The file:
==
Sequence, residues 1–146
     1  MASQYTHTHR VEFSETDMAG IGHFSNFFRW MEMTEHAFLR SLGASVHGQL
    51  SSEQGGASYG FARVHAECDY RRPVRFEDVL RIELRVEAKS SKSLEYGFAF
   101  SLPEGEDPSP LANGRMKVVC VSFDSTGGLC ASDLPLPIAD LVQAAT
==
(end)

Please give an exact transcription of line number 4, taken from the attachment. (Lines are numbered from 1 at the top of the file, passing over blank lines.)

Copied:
   101  SLPEGEDPSP LANGRMKVVC VSFDSTGGLC ASDLPLPIAD LVQAAT